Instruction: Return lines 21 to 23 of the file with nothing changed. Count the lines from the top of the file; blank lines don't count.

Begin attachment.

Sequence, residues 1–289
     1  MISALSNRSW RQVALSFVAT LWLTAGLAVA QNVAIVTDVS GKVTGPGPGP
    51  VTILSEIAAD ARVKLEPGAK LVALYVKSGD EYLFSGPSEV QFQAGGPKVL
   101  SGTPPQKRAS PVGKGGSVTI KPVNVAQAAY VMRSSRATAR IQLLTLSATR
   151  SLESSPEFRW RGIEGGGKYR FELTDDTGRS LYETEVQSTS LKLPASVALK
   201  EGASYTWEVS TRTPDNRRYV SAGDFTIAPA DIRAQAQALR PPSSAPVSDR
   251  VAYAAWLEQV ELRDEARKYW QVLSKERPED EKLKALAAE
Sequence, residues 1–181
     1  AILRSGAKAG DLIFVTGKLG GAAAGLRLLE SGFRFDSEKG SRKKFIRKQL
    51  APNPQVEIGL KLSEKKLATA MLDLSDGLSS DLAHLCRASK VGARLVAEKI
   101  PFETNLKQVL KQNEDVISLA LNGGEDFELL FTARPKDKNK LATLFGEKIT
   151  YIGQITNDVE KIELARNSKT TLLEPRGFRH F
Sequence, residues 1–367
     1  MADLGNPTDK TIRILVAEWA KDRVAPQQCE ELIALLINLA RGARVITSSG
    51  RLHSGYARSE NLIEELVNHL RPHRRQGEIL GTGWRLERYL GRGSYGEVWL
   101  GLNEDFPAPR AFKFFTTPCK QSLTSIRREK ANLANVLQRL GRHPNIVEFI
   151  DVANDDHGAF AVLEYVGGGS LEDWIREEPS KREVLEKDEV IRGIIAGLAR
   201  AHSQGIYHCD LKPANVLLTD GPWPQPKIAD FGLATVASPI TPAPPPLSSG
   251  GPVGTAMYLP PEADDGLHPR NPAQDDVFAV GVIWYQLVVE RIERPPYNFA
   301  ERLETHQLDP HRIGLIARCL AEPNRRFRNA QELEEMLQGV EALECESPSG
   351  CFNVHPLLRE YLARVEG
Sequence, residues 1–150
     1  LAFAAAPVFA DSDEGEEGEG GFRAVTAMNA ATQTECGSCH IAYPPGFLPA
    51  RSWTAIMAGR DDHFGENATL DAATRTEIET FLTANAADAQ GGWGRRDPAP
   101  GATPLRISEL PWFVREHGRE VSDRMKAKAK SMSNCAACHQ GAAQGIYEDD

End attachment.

   351  CFNVHPLLRE YLARVEG
Sequence, residues 1–150
     1  LAFAAAPVFA DSDEGEEGEG GFRAVTAMNA ATQTECGSCH IAYPPGFLPA